#> 1-2     | treatment-treatment |    -0.57 | -1.06, -0.07 | 0.026
#> 1-3     | treatment-treatment |    -0.30 | -0.76,  0.16 | 0.203
#> 2-3     | treatment-treatment |     0.27 | -0.19,  0.73 | 0.254

For our quantity of interest, the contrast between groups treatment and control when episode = 2 is 0.06. We find this comparison in row 8 of the above output.

As we can see, test_predictions() returns pairwise comparisons of all possible combinations of factor levels from our focal variables. If we’re only interested in a very specific comparison, we have two options to simplify the output:

1. We could directly formulate this comparison as test. To achieve this, we first need to create an overview of the adjusted predictions, which we get from predict_response() or test_predictions(test = NULL).

2. We pass specific values or levels to the terms argument, which is the same as for predict_response().

##### Option 1: Directly specify the comparison
# adjusted predictions, formatted table
predict_response(model2, c("episode", "grp"))
#> # Predicted values of outcome
#>
#> grp: control
#>
#> episode | Predicted |       95% CI
#> ----------------------------------
#> 1       |      0.03 | -0.27,  0.33
#> 2       |      0.23 | -0.08,  0.54
#> 3       |     -0.04 | -0.36,  0.28
#>
#> grp: treatment
#>
#> episode | Predicted |       95% CI
#> ----------------------------------
#> 1       |     -0.39 | -0.74, -0.04
#> 2       |      0.18 | -0.18,  0.53
#> 3       |     -0.09 | -0.39,  0.21

test_predictions(model2, c("episode", "grp"), test = NULL)
#> episode |       grp | Predicted |       95% CI |     p
#> ------------------------------------------------------
#> 1       |   control |      0.03 | -0.27,  0.33 | 0.853
#> 2       |   control |      0.23 | -0.08,  0.54 | 0.139
#> 3       |   control |     -0.04 | -0.36,  0.28 | 0.793
#> 1       | treatment |     -0.39 | -0.74, -0.04 | 0.028
#> 2       | treatment |      0.18 | -0.18,  0.53 | 0.328
#> 3       | treatment |     -0.09 | -0.39,  0.21 | 0.540

In the above output, each row is considered as one coefficient of interest. Our groups we want to include in our comparison are rows two (grp = control and episode = 2) and five (grp = treatment and episode = 2), so our “quantities of interest” are b2 and b5. Our null hypothesis we want to test is whether both predictions are equal, i.e. test = "b2 = b5". We can now calculate the desired comparison directly:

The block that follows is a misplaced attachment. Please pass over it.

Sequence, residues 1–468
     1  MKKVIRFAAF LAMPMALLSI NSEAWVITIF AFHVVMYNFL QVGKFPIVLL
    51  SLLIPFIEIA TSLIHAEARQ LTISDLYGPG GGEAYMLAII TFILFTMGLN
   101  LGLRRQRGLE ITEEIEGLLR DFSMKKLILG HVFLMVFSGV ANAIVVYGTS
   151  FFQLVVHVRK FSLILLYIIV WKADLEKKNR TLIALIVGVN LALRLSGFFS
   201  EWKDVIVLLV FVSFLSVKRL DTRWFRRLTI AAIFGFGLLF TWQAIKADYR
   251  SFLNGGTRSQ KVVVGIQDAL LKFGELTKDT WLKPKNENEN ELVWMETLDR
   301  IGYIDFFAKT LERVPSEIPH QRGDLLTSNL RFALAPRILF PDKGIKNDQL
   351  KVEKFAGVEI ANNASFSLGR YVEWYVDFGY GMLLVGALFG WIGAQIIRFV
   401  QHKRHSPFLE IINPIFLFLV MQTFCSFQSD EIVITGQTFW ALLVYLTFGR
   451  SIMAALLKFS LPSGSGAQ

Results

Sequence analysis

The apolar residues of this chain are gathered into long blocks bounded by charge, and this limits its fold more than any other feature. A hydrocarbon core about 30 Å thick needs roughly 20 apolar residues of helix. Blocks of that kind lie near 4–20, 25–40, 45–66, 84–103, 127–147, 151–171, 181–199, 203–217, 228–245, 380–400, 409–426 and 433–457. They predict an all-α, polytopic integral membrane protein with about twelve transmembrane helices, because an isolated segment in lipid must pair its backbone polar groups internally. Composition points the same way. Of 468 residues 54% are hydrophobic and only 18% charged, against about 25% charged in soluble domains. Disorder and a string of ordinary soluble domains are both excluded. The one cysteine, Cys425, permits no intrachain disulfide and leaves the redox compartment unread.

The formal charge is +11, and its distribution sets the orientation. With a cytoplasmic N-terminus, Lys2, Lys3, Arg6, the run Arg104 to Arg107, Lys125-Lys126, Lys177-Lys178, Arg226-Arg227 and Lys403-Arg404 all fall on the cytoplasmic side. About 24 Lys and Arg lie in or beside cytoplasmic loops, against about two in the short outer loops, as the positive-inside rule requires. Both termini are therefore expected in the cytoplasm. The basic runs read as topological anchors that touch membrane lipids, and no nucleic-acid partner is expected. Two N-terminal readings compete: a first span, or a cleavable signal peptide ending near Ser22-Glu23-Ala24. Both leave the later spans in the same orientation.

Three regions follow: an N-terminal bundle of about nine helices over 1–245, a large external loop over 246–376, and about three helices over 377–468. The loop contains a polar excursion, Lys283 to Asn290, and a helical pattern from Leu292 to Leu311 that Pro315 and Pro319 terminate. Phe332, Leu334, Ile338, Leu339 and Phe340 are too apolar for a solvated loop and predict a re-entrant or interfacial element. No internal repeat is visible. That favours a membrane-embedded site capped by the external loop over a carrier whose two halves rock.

# compute specific contrast directly
test_predictions(model2, c("episode", "grp"), test = "b2 = b5")
#> Hypothesis | Contrast |      95% CI |     p
#> -------------------------------------------
#> b2=b5      |     0.06 | -0.41, 0.52 | 0.816
#>
#> Tested hypothesis: episode[2],grp[control] = episode[2],grp[treatment]

The reason for this specific way of specifying the test argument is because test_predictions() is a small, convenient wrapper around predictions() and slopes() of the great marginaleffects package. Thus, test is just passed to the hypothesis argument of those functions.

##### Option 2: Specify values or levels

Again, using representative values for the terms argument, we can also simplify the output using an alternative syntax:

# return pairwise comparisons for specific values, in
# this case for episode = 2 in both groups
test_predictions(model2, c("episode [2]", "grp"))
#> # Pairwise comparisons
#>
#> episode |               grp | Contrast |      95% CI |     p
#> ------------------------------------------------------------
#> 2-2     | control-treatment |     0.06 | -0.41, 0.52 | 0.816

This is equivalent to the above example, where we directly specified the comparison we’re interested in. However, the test argument might provide more flexibility in case you want more complex comparisons. See examples below.

### Do different episode levels differ between groups?

We can repeat the steps shown above to test any combination of group levels for differences.

#### Pairwise comparisons

For instance, we could now ask whether the predicted outcome for episode = 1 in the treatment group is significantly different from the predicted outcome for episode = 3 in the control group.

The contrast we are interested in is between episode = 1 in the treatment group and episode = 3 in the control group. These are the predicted values in rows three and four (c.f. above table of predicted values), thus we test whether "b4 = b3".

test_predictions(model2, c("episode", "grp"), test = "b4 = b3")
#> Hypothesis | Contrast |      95% CI |     p